Welcome to iGB’s State of the Union, a look at the biggest North American sports betting stories we covered throughout the week and quick scoops on others we found interesting.

The Queens casino is controversial among politicians

Businessman Steve Cohen’s plan to build a casino in Queens next to the Mets’ Citi Field earlier this week won approval from a city councilman, but a state senator said Cohen had not been “open and transparent,” according to the report New York Post.

State Senator Jessica Ramos, who appears to support a Genting Resorts World project, objected to Cohen’s lobbying strategy. Any downstate casino requires legislative approval in Albany. Cohen is partnering with Hard Rock on his planned project.

Queens City Councilman Francisco Moya told NYP, “If we do not take advantage of this once-in-a-lifetime opportunity, we will ensure that the area around Citi Field remains unused parking for the foreseeable future; and we are permanently hindering Queens’ future growth potential. Let’s not let that happen.”

In March, the New York State Gaming Commission announced that it would not decide who would receive the three available licenses until the end of 2025.

Louisiana bans prop betting for college players

The NCAA publicly advocated for a nationwide ban on supplemental betting for college players last week, and Louisiana regulators subsequently announced on April 1 that they would ban this betting market starting August 1:

Alabama’s slimmed-down gambling bill heads to conference

The Alabama House of Representatives declined to approve a scaled-down version of the sweeping gambling bill it sent to the Senate on April 4, and the matter will now head to a conference committee, it said Associated Press.

The House previously passed a gambling bill that would have given the state 10 brick-and-mortar casinos, lotteries, and retail and digital sports betting. The Senate eliminated all sports betting, installed electronic slot machines at dog tracks and reduced the number of retail casinos.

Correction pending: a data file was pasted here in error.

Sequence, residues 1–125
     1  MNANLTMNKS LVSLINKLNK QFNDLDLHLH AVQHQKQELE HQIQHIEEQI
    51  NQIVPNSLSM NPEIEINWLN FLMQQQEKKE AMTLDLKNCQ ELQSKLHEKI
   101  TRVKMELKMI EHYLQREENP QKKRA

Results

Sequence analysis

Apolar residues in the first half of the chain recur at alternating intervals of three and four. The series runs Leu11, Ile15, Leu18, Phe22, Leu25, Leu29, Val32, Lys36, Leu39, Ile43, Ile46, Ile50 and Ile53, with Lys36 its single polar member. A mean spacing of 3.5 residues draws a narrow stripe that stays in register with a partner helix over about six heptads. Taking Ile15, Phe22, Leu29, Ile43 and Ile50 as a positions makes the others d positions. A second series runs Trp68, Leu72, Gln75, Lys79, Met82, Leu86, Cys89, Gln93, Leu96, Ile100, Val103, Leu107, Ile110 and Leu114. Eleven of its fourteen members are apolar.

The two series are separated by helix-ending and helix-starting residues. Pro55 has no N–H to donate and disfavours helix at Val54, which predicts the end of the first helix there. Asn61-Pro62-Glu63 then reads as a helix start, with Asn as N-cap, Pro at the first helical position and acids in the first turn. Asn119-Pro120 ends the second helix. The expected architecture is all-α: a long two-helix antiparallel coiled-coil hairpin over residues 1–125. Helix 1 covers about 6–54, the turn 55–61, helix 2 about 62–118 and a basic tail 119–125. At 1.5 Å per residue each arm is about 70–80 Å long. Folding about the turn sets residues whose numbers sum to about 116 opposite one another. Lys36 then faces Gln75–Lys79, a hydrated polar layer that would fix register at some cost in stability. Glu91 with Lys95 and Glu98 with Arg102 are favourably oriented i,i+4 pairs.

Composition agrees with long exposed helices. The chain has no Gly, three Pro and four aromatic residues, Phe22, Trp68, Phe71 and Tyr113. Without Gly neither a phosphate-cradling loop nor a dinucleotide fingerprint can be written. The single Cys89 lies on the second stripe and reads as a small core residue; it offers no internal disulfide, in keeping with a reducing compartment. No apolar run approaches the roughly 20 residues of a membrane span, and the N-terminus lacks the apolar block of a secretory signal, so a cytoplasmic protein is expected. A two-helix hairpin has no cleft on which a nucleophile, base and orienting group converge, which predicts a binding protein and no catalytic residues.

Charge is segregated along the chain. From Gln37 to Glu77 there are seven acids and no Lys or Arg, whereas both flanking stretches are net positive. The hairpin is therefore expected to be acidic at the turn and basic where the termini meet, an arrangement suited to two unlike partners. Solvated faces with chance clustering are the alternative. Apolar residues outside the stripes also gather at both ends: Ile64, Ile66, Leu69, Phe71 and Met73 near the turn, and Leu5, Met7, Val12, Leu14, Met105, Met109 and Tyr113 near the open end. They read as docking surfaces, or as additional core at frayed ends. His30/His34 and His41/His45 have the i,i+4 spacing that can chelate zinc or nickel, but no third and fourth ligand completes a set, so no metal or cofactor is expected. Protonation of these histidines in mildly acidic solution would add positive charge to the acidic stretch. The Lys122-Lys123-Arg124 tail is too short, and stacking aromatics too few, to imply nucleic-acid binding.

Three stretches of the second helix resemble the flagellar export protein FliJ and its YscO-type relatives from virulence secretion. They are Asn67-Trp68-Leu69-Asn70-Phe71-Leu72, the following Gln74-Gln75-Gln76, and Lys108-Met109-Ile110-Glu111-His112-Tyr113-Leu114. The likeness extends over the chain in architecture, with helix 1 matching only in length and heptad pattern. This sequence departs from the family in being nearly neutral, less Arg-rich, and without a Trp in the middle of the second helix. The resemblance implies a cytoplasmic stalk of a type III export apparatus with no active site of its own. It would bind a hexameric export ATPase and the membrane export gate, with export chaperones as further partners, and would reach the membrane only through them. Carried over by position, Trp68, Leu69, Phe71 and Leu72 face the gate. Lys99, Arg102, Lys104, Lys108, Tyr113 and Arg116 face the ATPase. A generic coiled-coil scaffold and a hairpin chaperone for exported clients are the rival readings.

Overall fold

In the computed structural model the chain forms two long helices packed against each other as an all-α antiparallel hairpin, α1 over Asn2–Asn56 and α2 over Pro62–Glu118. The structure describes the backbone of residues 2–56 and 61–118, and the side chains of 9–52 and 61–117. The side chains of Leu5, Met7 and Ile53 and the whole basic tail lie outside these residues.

Each proposal would be a constitutional amendment that would benefit voters. Lawmakers have more than a month to hold a session and send a proposal back to the House and Senate. The legislative session is expected to adjourn on May 20.

New offers

According to a, Circa Sports began accepting bets in Kentucky on April 1, marking the company’s first launch since it began operations in Illinois last September Company press release. With the launch, Kentuckians now have eight betting platforms to choose from. Circa Sports is also live in Colorado, Iowa and Nevada.

In Mississippi, DraftKings opened a new brick-and-mortar casino at the Golden Nugget. The book features the largest seamless screen on the Mississippi Gulf Coast, the company announced. And in New Jersey, Prime Sportsbook launched March 31 in New Jersey, its second market after Ohio.

Poll: Nevadans want a lottery

A Noble Predictive Insights Survey A survey of 829 registered voters from February 27 to March 5 found that 75 percent of Nevadans support the creation of a state lottery. Nevada is one of five US states that currently does not have a lottery.

According to the poll, support for a lottery is bipartisan, with 82 percent of Democrats in favor versus 71 percent of independents/others. Whether or not to allow a lottery is one of five ballot measures Nevada voters will consider in November.

Digital sports betting is NOT coming to Nebraska

According to a public opinion poll that showed 57% of respondents would vote yes to a constitutional amendment that would extend legal sports betting to online platforms, supporters will not pursue one Lincoln Star Journal. Although the number is more than the 50% needed to pass an amendment, it is not high enough to convince supporters to move forward.

“If you’re at 57 (% support), there’s a chance you could lose unless you really invest significant resources,” WarHorse Gaming’s Lance Morgan told the Star-Journal. “It doesn’t make sense to go to war unless you have a war chest ready.”

WarHorse partnered with BetMGM, Caesars Sportsbook, DraftKings and FanDuel to conduct the survey.

LSU-Iowa women’s game record

Although none of the major operators released specific numbers, all reported that the LSU-Iowa women’s basketball elite game on April 1 represented the highest bet on a women’s sports event in history. According to ESPN, viewership for “Sweet 16” increased 96 percent.

Led by superstar Caitlin Clark, Iowa defeated LSU to reach the Final Four, which begins April 5 in Cleveland. The Connecticut-USC game was also among the top three women’s sports events with the most bets, according to BetMGM data USA today.


Tribal leader wants to bring the art of compromise to the national stage

Responsible gaming has been a top priority in Ontario for two years

Bally shareholder criticizes “regrettable” takeover offer

DOI asks SCOTUS for further extension in Florida sports betting case

Fanatics goes live in Arizona